GT and BDO General Firm and Interview Information

Grant Thornton
EY
BDO
#1

Hi,

I thought I’d put some information up about Grant Thornton and BDO for anyone who is interested. I didn’t get offers from either of these companies so bare this in mind as you are reading through!

These companies typically attract smaller mid-tier clients than the Big 4 who are sub FTSE 350 and are often AIM registered. They both have around three FTSE 350 clients each but I think that only one of these is an actively trading company. Needless to say, the work you would be doing at these firms would be different than at a Big 4 firm.

Many people, including myself, would prefer to complete their training with a smaller firm for numerous reasons including greater autonomy at work, varied across-sector clients and the chance to develop a closer relationship with the owner or director’s of the client firm.

That said many people feel that training is superior at the Big 4 due to their history and experience with professional exams, the limitless international career opportunities when you are qualified and the opportunity to work with huge clients which is simply not possible outside of the Big 4.

Now, it is no secret that GT and BDO are in the shadow of the Big 4 with regards to clients. Directors of both companies have been quoted in saying that they would love the opportunity to work with larger clients but don’t get the chance. This is often a very touchy subject with mid-tier firms (like the audit oligopoly is with the Big 4) and could make or break your chances with the firm. No matter who you have applied to – do not mention a Big 4 companies name in an interview with GT or BDO unless it is to say why you have not applied to them. The interviewer will be keen to know why you would prefer to work for a mid-tier firm so have a good think about what they offer that the Big 4 don’t. Talking a little about my admiration for the GT and Tenon training academies went down very well with the interviewer and I would suggest mentioning this.

GT use a telephone interview as the first round of screening which I hate and subsequently failed. My advice here is to try and practice an actual telephone interview and do your research – they can’t see you so you could have pages of model answers in front of you. The questions explore your academic and vocational decisions to date including why you chose you’re A-Levels, why you chose your University, why you want to join GT and the service line you have applied to. You also get the typical questions about teamwork, leadership and client focus. They seem to choose around 10 questions from a list of a possible 15 and a particularly strange question I was asked was “How do you organise your day”. The worst part of telephone interviews is that they have as much information as you do so when you ask them to explain the question or ask in what context they would like the answer – they just ask the question again. The whole situation feels very forced and awkward for both parties and it is impossible to gauge how well you are doing, digress slightly to hit a competency or achieve any kind of flow with the interview or report with the interviewer. Practice, practice, practice – be confident, coherent and talk clearly.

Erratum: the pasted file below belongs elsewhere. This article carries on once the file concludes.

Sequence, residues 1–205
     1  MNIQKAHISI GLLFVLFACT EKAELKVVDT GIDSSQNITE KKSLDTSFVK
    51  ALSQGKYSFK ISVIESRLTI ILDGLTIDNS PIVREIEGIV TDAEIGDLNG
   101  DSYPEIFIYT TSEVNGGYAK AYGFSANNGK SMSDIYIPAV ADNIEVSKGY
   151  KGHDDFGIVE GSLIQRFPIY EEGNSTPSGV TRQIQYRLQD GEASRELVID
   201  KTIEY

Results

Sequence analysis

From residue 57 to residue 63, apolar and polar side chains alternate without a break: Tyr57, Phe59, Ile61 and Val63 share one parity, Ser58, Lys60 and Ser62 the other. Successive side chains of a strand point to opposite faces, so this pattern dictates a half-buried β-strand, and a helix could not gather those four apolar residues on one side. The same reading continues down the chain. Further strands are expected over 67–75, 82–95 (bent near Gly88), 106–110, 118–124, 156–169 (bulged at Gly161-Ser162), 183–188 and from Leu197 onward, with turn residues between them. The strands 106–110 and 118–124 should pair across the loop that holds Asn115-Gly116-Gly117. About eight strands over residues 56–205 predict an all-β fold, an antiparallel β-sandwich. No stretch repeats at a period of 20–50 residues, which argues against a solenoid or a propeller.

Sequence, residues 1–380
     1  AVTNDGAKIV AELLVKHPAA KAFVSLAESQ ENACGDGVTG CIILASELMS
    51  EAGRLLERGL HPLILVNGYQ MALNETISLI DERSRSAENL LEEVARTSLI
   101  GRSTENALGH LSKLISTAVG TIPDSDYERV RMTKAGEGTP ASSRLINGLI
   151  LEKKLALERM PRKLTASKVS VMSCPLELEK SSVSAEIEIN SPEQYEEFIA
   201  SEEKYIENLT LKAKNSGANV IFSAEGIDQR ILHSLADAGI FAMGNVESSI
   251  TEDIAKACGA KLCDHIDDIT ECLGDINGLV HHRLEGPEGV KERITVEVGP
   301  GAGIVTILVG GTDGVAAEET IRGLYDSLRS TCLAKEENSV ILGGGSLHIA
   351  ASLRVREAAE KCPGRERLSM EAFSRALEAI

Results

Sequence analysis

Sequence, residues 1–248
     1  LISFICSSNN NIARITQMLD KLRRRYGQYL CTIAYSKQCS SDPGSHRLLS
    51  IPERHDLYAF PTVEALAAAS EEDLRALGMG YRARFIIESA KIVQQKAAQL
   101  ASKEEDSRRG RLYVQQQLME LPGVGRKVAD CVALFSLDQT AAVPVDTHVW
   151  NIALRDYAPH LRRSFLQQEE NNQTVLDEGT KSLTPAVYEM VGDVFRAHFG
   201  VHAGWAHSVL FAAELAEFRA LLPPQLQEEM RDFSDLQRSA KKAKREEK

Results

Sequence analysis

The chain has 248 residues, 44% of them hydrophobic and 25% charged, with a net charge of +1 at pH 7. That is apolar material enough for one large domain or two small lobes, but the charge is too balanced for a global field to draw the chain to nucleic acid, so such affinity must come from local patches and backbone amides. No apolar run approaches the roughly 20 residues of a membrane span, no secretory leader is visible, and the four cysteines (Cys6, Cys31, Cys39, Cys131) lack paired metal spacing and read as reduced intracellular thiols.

Unfortunately, I also failed the BDO interview in the first round so if anyone else has any more information on assessment centres or final interviews at either of these companies, please add this to the post.

At Tenon, my interviewer actually trained with PwC and could not stand it whereas my friend at EY absolutely loves it so it. It really comes down to personal preference and what you want out of your training and where you see yourself in 5 years time.

#2

Great post. So true as well a lot of that. I’d say from my experience, the training is never going to be fun. How much you enjoy the firm you work for largely depends on the office you join, your clients and your managers - i.e. two experiences in the same firm are not necessarily alike.

I would say if you were going for Financial Services in Big 4 in central London you are setting yourself up for a tough time! A middle market firm out in Surrey should be more relaxing!

#3

This is a great post and very much appreciated! Cheers :slight_smile:

I agree with you about telephone interviews. Lots of very good candidates can do very badly here because they are not prepared or not used to talking in a professional manner over the phone.

Practice is necessary, especially if you haven’t even ever worked in an office situation that required you to use the telephone to talk to clients. If you can, you should get friends or family members to actually call you and ask you interview questions. With practice comes confidence. The candidates who don’t think they’ll have any trouble with this style of assessment and don’t prepare are usually the ones that stumble at this hurdle!

Many candidates also find it tough to properly get in to interview “mode” when talking to interviewers over the phone - but you need to be as professional and presentable as you would in a face to face situation. Candidates who would never use colloquialisms in face to face interviews often use slang on the phone by accident without even realising, because they are so used to using the phone to talk to friends.